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A Fourth Episode in Complacency

By Tom Dyson, publisher, The Palm Beach Letter
Thursday, March 16, 2006

Before you read any further, I’d like you to think about your personal approach to the markets: Are you a trader, an investor or a blend of the two?

If you are an investor, your path to wealth is clear: buy physical gold, tangible assets, businesses you understand, and low-volatility commodity investments. Hold them for a long time.

The rest of today’s column is dedicated to the traders among us. Here’s where things get interesting.

Yesterday, March 15, 2006, was a small landmark in stock market history.

Not many people know about this, and even fewer people care. You might not think it’s a big deal either... until I tell you that this landmark has always marked a plunge in the S&P 500.

Before I go any further, I’d like to credit Jason Goepfert of for bringing this event to my attention. I took this research – and the charts - from his daily commentary.

The milestone is three years without a correction in the stock market.

A correction is defined as a fall of 10% or greater in the S&P 500, marked from the highest point of the last six months. The most recent correction took the S&P from 935 to 788 between January and March 2003.

This three-year period of low-volatility and rising prices is a sign of complacency in the stock market. Ten percent corrections are very common in the markets – even in bull markets – and you can expect to see one about every two years.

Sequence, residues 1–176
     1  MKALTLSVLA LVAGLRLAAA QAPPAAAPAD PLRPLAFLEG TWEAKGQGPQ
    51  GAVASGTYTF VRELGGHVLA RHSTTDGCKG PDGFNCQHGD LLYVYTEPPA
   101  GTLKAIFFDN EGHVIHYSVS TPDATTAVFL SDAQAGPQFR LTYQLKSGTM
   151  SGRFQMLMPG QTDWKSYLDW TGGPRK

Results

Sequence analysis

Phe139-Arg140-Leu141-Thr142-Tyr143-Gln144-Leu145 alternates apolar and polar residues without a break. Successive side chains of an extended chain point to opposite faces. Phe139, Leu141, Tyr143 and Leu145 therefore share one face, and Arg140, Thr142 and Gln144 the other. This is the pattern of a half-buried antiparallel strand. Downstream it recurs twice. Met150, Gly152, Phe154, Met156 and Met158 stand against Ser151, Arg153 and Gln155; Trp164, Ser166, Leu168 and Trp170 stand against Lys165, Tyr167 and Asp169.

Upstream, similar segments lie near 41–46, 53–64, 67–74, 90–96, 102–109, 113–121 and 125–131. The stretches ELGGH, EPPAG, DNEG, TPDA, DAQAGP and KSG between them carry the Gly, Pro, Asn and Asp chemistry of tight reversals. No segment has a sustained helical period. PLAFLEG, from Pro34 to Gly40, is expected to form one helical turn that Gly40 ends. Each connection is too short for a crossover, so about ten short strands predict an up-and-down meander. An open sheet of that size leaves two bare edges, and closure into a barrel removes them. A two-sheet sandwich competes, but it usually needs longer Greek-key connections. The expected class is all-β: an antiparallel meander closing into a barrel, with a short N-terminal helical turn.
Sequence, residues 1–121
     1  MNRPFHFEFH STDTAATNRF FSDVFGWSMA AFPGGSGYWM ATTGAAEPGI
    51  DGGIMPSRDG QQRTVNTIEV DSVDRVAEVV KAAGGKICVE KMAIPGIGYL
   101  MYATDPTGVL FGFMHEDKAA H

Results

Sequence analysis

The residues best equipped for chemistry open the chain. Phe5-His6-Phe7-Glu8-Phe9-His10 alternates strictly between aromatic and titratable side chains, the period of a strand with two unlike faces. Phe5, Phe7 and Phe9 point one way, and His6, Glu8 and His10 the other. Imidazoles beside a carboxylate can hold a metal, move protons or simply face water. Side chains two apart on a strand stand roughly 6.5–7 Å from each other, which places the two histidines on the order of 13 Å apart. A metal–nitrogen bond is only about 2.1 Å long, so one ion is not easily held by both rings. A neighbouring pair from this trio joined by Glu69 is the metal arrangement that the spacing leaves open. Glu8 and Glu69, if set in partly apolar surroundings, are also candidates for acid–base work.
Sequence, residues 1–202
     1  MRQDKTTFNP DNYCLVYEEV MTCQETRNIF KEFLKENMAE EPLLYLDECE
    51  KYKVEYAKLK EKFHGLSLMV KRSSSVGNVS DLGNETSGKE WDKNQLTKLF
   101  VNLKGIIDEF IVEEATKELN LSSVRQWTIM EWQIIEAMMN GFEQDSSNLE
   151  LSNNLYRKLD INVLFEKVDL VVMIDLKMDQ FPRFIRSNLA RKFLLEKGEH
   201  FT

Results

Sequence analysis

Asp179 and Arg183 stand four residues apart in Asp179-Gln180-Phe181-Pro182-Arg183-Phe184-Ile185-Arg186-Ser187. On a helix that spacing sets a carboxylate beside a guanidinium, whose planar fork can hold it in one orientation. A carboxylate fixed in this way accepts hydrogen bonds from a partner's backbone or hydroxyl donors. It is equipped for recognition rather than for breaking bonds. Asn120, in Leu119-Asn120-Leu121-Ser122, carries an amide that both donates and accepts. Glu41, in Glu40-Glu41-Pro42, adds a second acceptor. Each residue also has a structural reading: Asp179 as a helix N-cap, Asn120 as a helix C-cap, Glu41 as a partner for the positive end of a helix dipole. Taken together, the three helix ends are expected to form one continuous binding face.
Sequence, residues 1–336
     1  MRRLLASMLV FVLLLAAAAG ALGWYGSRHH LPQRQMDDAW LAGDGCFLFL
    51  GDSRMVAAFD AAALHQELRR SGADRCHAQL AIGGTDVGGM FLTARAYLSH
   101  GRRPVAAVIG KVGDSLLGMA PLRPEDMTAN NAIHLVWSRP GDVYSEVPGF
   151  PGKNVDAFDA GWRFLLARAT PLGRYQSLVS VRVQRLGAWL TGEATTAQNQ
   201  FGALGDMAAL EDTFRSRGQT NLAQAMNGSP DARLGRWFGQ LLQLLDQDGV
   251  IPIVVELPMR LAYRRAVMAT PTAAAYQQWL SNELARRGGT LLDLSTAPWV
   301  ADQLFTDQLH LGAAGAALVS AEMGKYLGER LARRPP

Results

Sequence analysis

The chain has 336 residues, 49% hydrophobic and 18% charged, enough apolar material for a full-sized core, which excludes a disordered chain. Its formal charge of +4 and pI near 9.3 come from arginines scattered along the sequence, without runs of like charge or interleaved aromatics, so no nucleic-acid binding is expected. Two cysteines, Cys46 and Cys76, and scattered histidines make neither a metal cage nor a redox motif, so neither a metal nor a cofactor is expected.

But to go without a correction for three years...? It’s only happened three times in the last 110 years.

Between 1962 and 1965, the S&P moved from 51 to 94 in a stretch of 3 years and 3 months without a correction. Over the next 9 months, the S&P fell 24%.

Between July 1984 and August 1987, the S&P rose from 147 to 338, a stretch of 37 months with no correction. A new Fed chairman took his seat on August 11, 1987, one of the last days of the streak. His name was Alan Greenspan.

Two months later, he presided over the greatest one-day correction of all-time: Black Monday. The S&P dropped 34% that day.

Between January 1991 and May 1994, the S&P rose from 309 to 483. This 36-month stretch was part of a bull market that followed the invasion of Kuwait in August 1990. The S&P fell 10% over the following 3 months.

It is the complacency... that creates the trouble,” writes Goepfert. “The longer-term studies that I've looked at recently have increasingly convinced me that investors have grown overly comfortable with the idea that ‘this time is different.’”

Things are never different. If a ten-percent correction hits the S&P sometime between now and June, don’t say you haven’t been warned...

Good Investing,

Tom Dyson

Market Notes


For the past few years, we have been intrigued with placing money into Russian stocks. We felt loose monetary policy and rising commodity prices would support this commodity price-sensitive area of the stock market.

Nowadays, it seems the crowd is of the same thought. Russia-specific funds like the Templeton Russia Fund (TRF) have enjoyed massive runs in the past year. Specifically, TRF has nearly doubled over the past 12 months… and now trades for a whopping 30% premium to its underlying asset value.

This premium indicates a vast amount of optimism towards this area… and flashes a warning sign.

In simple terms: If speculative emerging markets like Russia experience a sharp profit taking sell-off in the near future, this fund is sitting “fat and sassy”… and could suffer a fantastic drop.

Nosebleed territory… the Templeton Russia Fund (two-year chart):

-Brian Hunt

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